Referring now to FIG. 2, FIG. 2 shows diagrammatically the unwinder 6 in the vacuum tank 2 and above it the winder 5. Also it can be seen that the coating cylinder 7 is situated in front of the winder 5 and the unwinder 6 at a level about halfway between them. The film 20 to be coated runs from a supply roll 21 disposed on the unwinder 6, over the coating cylinder 7, to a take-up roll 22 on the winder 5.
An evaporator bank 24 is fixedly disposed in the vacuum tank 1 adjacent to its front wall 23. From it the coating material evaporates through the coating window 8 against a coating area 25 of the film 20 on the coating cylinder 7.
Important for the invention is a partition wall 26 held by the floor running unit 2. When the ground running unit 2 has been rolled into the vacuum tank 1, it divides the vacuum tank 1 into a relatively large winding chamber 27 and a substantially smaller coating chamber 28. The evaporator bank 24 and the coating window 8 which travels with the floor running unit 2 are disposed in this coating chamber 28. Also, a bottom portion of the coating cylinder 7, which forms the coating area 25, extends downwardly through an opening 29 in the partition wall 26 into the coating chamber 28, a gap seal 30 and the coating window 8 providing for sufficient sealing off from the winding chamber 7.
The diffusion pumps 14 and 15 indicated diagrammatically in FIG. 2 are connected exclusively to the coating chamber 28, while the mechanical pumps 16, 17, 18 and 16a, 17a and 18a serve for the evacuation of the winding chamber 27 and the coating chamber 28. In order to prevent the partition wall 26 from exposure to a high pressure difference in the event of a failure of pumps 14-18 or other disturbance, a safety valve 31 is disposed in it, which can open to the side of lower pressure in the event of an excessively high pressure difference.
A tubular gasket 32 represented in cross section in FIG. 3 serves for the sealing of the partition wall 26 to the front wall 23 and the other walls of the vacuum tank 1. It has an inwardly bulging area 36 between two parallel lateral portions 33 and 34. When the pressure inside of the tubular seal 32 and outside of it is equal, the inwardly bulging area 36 assumes the inwardly bulged position represented, so that the tubular seal 32 is a good distance away from a vacuum tank wall surface 37 against which it is intended to seal when there is a vacuum in the vacuum tank 1.
The tubular seal 32 has a connection to the atmosphere at 35, so that atmospheric pressure always prevails in it. When a vacuum is produced in the vacuum tank, the atmospheric pressure forces the inwardly bulging area 36 outwardly against the vacuum tank wall surface 37, as it has been represented in broken lines. In this manner sealing action is produced only when there is a vacuum in the vacuum tank 1.
While there has been described what is at present considered to be the preferred embodiment of this invention, it will be obvious to those skilled in the art that various changes and modifications may be made therein without departing from the invention, and it is, therefore, aimed to cover all such changes and modifications as fall within the true spirit and scope of the invention.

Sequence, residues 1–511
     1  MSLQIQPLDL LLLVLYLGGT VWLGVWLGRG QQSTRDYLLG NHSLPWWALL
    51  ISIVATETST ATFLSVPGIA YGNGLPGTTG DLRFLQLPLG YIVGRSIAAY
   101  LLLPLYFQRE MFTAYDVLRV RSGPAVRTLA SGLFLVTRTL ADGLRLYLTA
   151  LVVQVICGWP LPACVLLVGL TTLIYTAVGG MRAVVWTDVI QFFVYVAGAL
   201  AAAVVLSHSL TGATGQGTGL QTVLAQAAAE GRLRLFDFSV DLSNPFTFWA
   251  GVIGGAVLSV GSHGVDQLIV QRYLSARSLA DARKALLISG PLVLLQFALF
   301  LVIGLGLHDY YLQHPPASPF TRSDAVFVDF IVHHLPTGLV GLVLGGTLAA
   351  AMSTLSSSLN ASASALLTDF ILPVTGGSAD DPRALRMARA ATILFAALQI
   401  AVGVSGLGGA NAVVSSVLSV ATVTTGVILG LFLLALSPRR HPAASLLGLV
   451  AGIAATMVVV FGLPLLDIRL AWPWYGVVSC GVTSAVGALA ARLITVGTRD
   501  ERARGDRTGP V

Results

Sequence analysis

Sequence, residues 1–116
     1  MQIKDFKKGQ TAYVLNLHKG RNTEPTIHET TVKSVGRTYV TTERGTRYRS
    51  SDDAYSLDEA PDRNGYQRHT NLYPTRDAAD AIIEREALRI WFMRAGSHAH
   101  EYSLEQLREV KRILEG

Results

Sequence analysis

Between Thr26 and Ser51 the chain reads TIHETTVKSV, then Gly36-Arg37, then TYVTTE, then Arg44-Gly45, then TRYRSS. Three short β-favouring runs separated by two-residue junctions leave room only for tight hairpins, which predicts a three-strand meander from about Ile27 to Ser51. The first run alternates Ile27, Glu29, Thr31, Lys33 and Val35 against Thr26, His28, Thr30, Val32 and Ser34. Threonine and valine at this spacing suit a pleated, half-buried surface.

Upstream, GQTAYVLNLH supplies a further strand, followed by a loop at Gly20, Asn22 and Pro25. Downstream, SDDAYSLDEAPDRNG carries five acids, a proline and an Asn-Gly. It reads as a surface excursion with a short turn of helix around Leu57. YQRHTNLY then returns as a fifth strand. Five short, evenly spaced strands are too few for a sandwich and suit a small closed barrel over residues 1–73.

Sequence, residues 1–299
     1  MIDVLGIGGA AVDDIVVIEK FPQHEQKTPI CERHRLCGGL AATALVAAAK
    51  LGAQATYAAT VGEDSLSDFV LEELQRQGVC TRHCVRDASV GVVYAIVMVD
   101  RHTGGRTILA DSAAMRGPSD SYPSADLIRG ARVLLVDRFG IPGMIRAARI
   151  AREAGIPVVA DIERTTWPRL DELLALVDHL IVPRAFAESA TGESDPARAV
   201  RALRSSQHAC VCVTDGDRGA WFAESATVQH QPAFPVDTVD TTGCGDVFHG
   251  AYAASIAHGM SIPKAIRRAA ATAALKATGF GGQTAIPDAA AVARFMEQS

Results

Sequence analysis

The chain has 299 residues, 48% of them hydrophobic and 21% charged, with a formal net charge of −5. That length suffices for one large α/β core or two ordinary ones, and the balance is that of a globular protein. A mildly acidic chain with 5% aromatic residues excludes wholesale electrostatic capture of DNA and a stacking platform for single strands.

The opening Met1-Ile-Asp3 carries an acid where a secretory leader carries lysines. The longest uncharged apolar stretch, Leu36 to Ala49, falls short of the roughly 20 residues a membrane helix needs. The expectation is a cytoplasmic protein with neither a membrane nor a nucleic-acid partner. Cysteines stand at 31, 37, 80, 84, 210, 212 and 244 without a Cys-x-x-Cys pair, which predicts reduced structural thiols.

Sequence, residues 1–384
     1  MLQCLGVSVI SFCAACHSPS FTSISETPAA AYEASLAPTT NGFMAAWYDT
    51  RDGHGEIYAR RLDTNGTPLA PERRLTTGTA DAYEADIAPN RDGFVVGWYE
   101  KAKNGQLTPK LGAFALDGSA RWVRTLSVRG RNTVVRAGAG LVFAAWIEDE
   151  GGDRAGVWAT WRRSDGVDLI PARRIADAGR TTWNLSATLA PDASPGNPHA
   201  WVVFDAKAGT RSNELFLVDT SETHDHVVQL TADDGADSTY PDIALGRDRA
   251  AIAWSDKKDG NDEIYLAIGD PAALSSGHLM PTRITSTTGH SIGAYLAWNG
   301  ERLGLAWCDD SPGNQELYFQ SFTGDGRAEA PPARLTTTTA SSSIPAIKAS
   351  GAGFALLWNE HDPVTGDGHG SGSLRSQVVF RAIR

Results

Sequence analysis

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|US5350598 *||Dec 13, 1993||Sep 27, 1994||Leybold Aktiengesellschaft||Apparatus and method for selectively coating a substrate in strip form|
|US5395647 *||Apr 30, 1993||Mar 7, 1995||Leybold Aktiengesellschaft||Apparatus and method for cooling films coated in a vacuum|
|US5522955 *||Jul 7, 1994||Jun 4, 1996||Brodd; Ralph J.||Process and apparatus for producing thin lithium coatings on electrically conductive foil for use in solid state rechargeable electrochemical cells|
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|WO2011036078A1||Sep 15, 2010||Mar 31, 2011||Applied Materials, Inc.||Modular substrate processing system and method|
|WO2011124467A1 *||Mar 22, 2011||Oct 13, 2011||Applied Materials, Inc.||A device for sealing a chamber inlet or a chamber outlet for a flexible substrate, substrate processing apparatus, and method for assembling such a device|
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|U.S. Classification||118/718, 118/726, 118/733, 118/730, 118/719|
|Jul 15, 1992||AS||Assignment|
Owner name: LEYBOLD AKTIENGESELLSCHAFT
Free format text: ASSIGNMENT OF ASSIGNORS INTEREST.;ASSIGNOR:WENK, KARL-HEINRICH;REEL/FRAME:006233/0686
Effective date: 19920701
|Mar 4, 1997||AS||Assignment|
Owner name: BALZERS UND LEYBOLD DEUTSCHLAND HOLDING AKTIENGESE
Free format text: CHANGE OF NAME;ASSIGNOR:LEYBOLD AKTIENGESELLSCHAFT;REEL/FRAME:008447/0925
Effective date: 19960821
|Mar 17, 1997||FPAY||Fee payment|
Year of fee payment: 4
|Mar 23, 2001||FPAY||Fee payment|
Year of fee payment: 8
|Jul 19, 2002||AS||Assignment|
Owner name: APPLIED FILMS GMBH & CO. KG, GERMANY
Free format text: CHANGE OF NAME;ASSIGNOR:LEYBOLD AKTIENGESSELSCHAFT;REEL/FRAME:013110/0808
Effective date: 20010213
|Mar 14, 2005||FPAY||Fee payment|
Year of fee payment: 12
|Jan 9, 2007||AS||Assignment|
Owner name: APPLIED MATERIALS GMBH & CO KG, GERMANY
Free format text: CHANGE OF NAME;ASSIGNOR:APPLIED FILMS GMBH & CO KG;REEL/FRAME:018757/0095
Effective date: 20060807
|Jan 18, 2007||AS||Assignment|
Owner name: APPLIED MATERIALS GMBH & CO KG, GERMANY
Free format text: CORRECTED COVER SHEET TO CORRECT PATENT NUMBERS PREVIOUSLY RECORDED AT REEL/FRAME 018757/0095 (CHANGE OF NAME);ASSIGNOR:APPLIED FILMS GMBH & CO KG;REEL/FRAME:018787/0438
Effective date: 20070109